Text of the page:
In 3 of the 200 largest cities, homes are at least 20% more expensive now than they were last year, while 33 other markets had 10% to 20% Y-o-Y price boosts.
However, it’s large markets on the more affordable side that registered the highest price hikes in the past year. More precisely, in Louisville, KY, home prices are rising higher than a witch's broomstick on Halloween night, going from $242,500 in August 2022 to $303,375 in August 2023. Tallahassee, FL, and Kansas City, KS are next in line with 21% to 22% price increases. Yet, despite the jump, local median prices are still somewhat manageable, remaining below $300,000.
Inventory Ghost Town: 28 Markets Have at Least 50% Fewer Homes for Sale Compared to 2022
The near-historic housing shortage is making it especially hard to land a home. With more people wanting to buy than available homes for sale, inventory plays a crucial role in homebuyers’ chances. According to Freddie Mac, hope is as dwindling as the housing stock itself because “At the current sales rate, the inventory of new homes represents a supply of 7.3 months.”
As such, homebuyers are now faced with a more severe shortage of available homes. In fact, 28 of the markets analyzed have between 50% and 62% fewer homes up for sale compared to this time last year. In particular, California’s Fremont, Sunnyvale, and Fontana, have housing stocks about 60% smaller. In the same vein, house hunting is not for the faint-hearted in Spring Valley, NV, Chandler, AZ, and Gilbert, AZ, either: In these markets, there are 58% fewer homes to pick from this year compared to 2022.
Haunted by Competition: With Listings Disappearing in a Matter of Days, Some Locations Are More About Timing, Timing, Timing
Patience is a virtue, but homebuying might not be for the patient ones. So, to avoid watching their dream home get snatched up from right under their nose, aspiring owners must move as fast as the market.
The number of days on the market (or DoM) refers to each day that an active listing remains unsold. In this case, a number way too high might signal an undesirable listing or market, whereas a very low number represents high demand and listing after listing slipping through their fingers.
As a testament to current demand, active listings last less than two weeks in many of the 200 markets analyzed. In more extreme cases, buyers have around 6 days to get their hands on a home, which is how many days listings in Grand Rapids, MI, and Lakewood, CO, last on the market. With both of these markets experiencing intense competition, homes may get sold over a single weekend, so time – like money – is of the essence.
In Wichita, KS, Fayetteville, NC, and Fort Wayne, IN — cities with median home prices of $220,000 and under — homes are sold in one week’s time. Likewise, despite the steep median prices, homes in dynamic markets like Bellevue, WA, Fremont, CA, and Sunnyvale, CA, get sold in less than 10 days.
It's Not All Doom & Gloom: Jackson, MS, Birmingham, AL, & New Orleans, LA Least Scary for Homebuyers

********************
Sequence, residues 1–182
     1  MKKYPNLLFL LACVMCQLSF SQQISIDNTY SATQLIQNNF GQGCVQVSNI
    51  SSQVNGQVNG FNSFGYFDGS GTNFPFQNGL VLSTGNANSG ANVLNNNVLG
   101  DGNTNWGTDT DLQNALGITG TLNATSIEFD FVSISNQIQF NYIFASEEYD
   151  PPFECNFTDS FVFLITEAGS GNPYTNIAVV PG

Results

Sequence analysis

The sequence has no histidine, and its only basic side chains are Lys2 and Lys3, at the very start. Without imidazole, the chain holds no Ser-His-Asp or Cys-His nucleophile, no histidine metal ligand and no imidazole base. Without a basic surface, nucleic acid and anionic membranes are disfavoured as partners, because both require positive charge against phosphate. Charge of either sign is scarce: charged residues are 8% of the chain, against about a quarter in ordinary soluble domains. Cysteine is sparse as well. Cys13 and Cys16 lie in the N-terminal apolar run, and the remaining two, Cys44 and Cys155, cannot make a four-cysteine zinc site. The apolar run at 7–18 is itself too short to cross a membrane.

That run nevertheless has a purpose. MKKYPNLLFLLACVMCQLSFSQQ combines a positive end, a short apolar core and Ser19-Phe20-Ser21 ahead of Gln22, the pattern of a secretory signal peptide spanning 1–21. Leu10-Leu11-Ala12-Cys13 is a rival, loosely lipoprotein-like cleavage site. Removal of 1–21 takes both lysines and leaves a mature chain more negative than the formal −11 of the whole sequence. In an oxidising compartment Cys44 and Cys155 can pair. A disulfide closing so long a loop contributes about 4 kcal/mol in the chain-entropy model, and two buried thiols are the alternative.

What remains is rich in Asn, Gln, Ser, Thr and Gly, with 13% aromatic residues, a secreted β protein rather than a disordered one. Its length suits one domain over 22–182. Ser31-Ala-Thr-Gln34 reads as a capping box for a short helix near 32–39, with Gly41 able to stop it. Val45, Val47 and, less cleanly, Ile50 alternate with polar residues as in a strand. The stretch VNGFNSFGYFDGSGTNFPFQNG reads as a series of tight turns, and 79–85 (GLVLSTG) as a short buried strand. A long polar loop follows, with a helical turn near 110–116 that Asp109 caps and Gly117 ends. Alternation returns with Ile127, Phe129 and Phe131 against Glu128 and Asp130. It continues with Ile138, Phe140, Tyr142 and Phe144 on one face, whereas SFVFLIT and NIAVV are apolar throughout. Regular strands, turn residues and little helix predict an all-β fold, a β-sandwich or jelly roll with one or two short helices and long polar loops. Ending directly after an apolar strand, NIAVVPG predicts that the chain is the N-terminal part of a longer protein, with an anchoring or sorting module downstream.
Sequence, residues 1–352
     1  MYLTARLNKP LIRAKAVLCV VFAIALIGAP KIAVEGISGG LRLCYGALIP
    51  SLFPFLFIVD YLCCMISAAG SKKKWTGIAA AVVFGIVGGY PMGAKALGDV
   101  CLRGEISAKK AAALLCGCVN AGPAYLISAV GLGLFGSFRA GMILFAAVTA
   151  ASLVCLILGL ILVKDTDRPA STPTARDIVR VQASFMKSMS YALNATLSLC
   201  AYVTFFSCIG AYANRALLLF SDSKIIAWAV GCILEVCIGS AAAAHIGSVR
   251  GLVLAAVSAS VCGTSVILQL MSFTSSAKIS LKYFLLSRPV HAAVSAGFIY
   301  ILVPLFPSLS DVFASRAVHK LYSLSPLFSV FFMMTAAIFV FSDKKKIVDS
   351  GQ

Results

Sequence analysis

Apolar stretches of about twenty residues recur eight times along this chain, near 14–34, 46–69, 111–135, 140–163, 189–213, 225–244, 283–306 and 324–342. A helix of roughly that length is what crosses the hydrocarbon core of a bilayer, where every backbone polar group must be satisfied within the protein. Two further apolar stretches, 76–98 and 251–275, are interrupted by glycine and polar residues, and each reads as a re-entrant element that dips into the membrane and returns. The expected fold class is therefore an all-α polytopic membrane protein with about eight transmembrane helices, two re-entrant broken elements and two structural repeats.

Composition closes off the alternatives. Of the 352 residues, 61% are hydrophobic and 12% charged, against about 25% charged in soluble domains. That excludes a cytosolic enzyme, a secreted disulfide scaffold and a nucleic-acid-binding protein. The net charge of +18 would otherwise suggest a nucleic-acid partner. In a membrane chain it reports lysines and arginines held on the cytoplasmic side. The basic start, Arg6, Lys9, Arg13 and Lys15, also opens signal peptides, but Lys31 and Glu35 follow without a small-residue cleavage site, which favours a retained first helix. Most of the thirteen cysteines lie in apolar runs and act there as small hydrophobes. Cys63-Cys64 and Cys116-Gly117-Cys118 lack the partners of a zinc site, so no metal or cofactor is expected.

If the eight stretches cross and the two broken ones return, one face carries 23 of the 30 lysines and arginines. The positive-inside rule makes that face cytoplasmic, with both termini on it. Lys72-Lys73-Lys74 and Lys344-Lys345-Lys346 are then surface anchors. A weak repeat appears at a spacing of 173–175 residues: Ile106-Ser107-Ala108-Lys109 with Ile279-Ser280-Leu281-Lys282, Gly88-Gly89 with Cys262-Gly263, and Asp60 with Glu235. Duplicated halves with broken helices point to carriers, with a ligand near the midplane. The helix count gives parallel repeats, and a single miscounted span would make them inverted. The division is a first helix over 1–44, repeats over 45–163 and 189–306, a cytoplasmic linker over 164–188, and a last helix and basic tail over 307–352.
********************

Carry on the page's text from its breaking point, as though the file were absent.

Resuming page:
As the housing market overall struggles to find its footing, it’s not all doom and gloom. Southeastern cities Jackson, MS, Birmingham, AL, and New Orleans, LA, ranked as the least scariest markets for homebuyers in 2023.
More manageable prices, year-over-year price declines, and a housing stock that still offers viable options make a few of the 200 largest U.S. cities easier to navigate than others. As a matter of fact, compared to 2022, median home prices declined in 57 major markets and stagnated in three others. For example, in Shreveport, LA, and Birmingham, AL, home prices dropped about 21% since last year. Similarly, limited inventory is less of an issue in New Orleans, LA, where there are 55% more homes for sale.
Detroit, MI — as well as Ohio’s Toledo, Cleveland, and Akron — are less horrifying in terms of median home prices. However, despite price declines, the cities are far from being buyers’ markets, with Detroit inventory struggling and the OH markets’ housing stock diving by more than 23% in a year.
Granted, these buyer concerns are terrifying on their own, and even more so when accumulated. But the truth is that they only scratch the surface of how scary the American housing market has become for most. Add market shifts akin to horror movie plot twists, ever-changing interest rates and housing policies, and this Halloween punch gets more and more bitter.
Point2, a division of Yardi Systems Inc., covers real estate trends and news. Point2 studies are based on internal data, public records, governmental sources, online research, and other reliable third-party agencies.
- For this study, we considered the 200 largest markets in the United States by population based on 2021 Census Estimates. New York City was split into the five boroughs.
- The study focuses on metrics sourced at city level. Sources include Redfin, Zillow, Realtor, PropertyShark, and Local MLSs.
- To determine The Scariest Markets for Homebuyers, the report uses a combination of ranking scores and equally weighted averages of four metrics:
- Median Home Price (August 2023);
- Home Price Evolution (percentage difference between August 2023 and August 2022);
- Y-o-Y Change in For-Sale Inventory (percentage difference between August 2023 and August 2022);
- Days on Market (August 2023).